There's no use looking for a common theme. This issue's first three articles present Michigan in war, peace, and controversy. Anyone forgetting that the Civil War was in aggregate the nation's most costly need only read Thomas Sebrell's account of "The 'Fighting Fifth': The Fifth Michigan Infantry Regiment in the Civil War's Peninsula Campaign." It is a story of courageous and successful regimental charges paid for in heavy casualties and ultimately rendered futile by the Army of the Potomac's cautious commander, George McClellan. It is also a story of the wear and tear of combat on even those individual soldiers lucky enough to remain alive and unwounded. The bewhiskered gentleman whose photograph graces our cover, Dr. Moses Gunn, left a particularly articulate record of complaints in letters to his wife, mixing accounts of hardship and horror with cranky attention to his own career and status. Was he really worse off than Private Jim Foreman, who learned of deaths at home while burying his comrades in Virginia? On the other hand, who could perform endless amputations in rain and mud? While the regiment won renown, individuals paid the price.
Ted Moore's article, "Creating an Idyllic Space: Nature, Technology, and Campus Planning at the Michigan Agricultural College, 1850 to 1975," tells a gentler story, one of paradox more than conflict. The campus at what is now Michigan State University has always centered on a pastoral, parklike setting, carefully preserved down through the years as a "sacred space." Yet alongside that space, for many years the college maintained a powerful symbol of modernity, a large power plant that generated both electricity and heat for the campus and marked the institution's devotion to the advancement of modern technology and science. Although in recent years the power plant has been relocated to the periphery of campus, suggesting a growing concern that smokestacks and greensward do not mix easily, commitments to both the preservation of natural amenities and power-driven technological progress remain central to American culture.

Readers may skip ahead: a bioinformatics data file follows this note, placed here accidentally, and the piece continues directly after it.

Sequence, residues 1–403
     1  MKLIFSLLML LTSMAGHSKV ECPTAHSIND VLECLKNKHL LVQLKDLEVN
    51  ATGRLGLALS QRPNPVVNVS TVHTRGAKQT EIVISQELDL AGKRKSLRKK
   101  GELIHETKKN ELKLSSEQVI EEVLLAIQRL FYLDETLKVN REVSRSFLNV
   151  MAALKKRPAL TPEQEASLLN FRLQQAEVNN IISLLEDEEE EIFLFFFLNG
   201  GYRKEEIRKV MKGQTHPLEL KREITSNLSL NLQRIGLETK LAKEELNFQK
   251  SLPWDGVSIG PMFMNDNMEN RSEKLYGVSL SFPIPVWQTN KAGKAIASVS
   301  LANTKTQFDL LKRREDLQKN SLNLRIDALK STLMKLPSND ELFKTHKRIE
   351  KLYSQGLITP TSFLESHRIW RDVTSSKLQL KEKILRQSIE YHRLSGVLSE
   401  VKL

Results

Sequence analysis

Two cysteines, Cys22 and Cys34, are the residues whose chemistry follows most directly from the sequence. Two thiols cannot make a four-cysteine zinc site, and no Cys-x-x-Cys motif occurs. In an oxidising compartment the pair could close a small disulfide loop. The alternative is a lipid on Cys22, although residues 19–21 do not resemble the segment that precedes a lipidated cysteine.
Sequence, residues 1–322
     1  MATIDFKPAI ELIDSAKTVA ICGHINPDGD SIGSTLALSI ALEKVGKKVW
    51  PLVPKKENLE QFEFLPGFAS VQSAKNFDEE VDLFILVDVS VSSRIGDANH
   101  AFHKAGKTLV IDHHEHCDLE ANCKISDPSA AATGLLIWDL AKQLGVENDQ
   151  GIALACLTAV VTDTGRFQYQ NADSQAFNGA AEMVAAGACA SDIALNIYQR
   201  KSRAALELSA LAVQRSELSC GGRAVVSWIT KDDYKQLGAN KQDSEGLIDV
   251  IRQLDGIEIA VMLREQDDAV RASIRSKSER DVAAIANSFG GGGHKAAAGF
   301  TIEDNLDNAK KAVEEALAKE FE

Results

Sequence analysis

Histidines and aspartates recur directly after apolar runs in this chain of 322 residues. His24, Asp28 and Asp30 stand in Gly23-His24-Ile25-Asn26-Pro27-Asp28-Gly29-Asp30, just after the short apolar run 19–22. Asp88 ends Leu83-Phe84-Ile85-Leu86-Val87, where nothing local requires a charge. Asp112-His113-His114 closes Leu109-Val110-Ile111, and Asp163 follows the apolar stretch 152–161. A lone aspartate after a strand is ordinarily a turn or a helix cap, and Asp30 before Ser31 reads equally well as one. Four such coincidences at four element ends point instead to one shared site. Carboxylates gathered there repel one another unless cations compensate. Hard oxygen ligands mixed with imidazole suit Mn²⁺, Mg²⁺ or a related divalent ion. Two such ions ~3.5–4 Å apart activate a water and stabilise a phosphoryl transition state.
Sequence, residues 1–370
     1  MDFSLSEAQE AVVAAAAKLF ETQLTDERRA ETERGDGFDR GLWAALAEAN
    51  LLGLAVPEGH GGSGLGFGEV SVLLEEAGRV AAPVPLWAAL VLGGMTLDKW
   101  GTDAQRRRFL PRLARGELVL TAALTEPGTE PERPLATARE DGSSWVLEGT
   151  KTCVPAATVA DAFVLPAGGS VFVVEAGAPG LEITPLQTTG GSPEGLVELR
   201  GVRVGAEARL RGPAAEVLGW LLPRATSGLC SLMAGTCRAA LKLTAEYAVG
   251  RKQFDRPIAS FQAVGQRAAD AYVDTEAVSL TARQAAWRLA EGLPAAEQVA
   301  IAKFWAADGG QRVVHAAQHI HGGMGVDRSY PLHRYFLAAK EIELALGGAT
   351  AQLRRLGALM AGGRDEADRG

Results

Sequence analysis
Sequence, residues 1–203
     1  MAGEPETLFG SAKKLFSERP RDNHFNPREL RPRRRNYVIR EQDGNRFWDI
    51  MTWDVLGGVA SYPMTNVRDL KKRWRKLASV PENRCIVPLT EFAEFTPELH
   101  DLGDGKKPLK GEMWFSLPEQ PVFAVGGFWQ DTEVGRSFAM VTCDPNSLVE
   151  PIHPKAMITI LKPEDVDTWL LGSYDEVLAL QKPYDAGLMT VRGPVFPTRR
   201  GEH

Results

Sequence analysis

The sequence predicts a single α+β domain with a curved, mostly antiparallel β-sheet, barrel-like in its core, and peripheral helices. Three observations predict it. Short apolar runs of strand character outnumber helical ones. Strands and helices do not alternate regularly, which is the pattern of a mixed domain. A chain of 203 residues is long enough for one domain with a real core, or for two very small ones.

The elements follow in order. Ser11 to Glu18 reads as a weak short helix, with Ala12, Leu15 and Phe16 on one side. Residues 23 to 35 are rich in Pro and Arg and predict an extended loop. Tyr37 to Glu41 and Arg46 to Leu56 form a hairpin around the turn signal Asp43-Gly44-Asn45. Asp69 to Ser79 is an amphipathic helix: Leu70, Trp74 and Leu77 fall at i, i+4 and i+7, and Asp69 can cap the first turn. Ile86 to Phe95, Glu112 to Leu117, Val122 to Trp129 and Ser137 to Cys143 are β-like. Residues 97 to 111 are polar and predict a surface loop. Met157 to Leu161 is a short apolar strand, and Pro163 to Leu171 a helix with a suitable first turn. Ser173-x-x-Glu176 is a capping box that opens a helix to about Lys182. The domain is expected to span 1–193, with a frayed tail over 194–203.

Keith Dye's discussion of "The Black Manifesto for Reparations in Detroit: Challenge and Response, 1969" describes a cultural conflict, sharp though nonviolent, that echoes down to the present. As the more radical edge of the black freedom movement pushed for action, not just discussion, white Protestants felt caught in the middle between good intentions and limited action, often with the more liberal clergy leaning one way and many of the laity leaning the other. Dye explores the complex conflicts and crosscurrents during a turbulent couple of months in 1969 as Detroit-area churches faced assertive demands that they furnish reparations for the injustices of slavery and racism. Not surprisingly, there was no neat resolution. But Dye's article furnishes a lively case study of the issues in conflict.
The two research notes in this issue each offer something a bit quirky and different. Although historians fairly commonly challenge other historians' broad interpretations and major theses, they often just write past books with which they disagree. And seldom do they undertake to refute a point of detail in a published book, especially one as well received and generally valuable as Nell Baldwin's Henry Ford and the Jews. Nor do journals commonly publish such refutations. This may be unfortunate, as it hampers the ability of historians to be a self-correcting group of scholars. On the other hand, too much of this sort of detailed disputation could exhaust the patience or simply lose the interest of most readers. Why then did we make an exception in the case of Ronald Stockton's "McGuffey, Ford, Baldwin, and the Jews"? …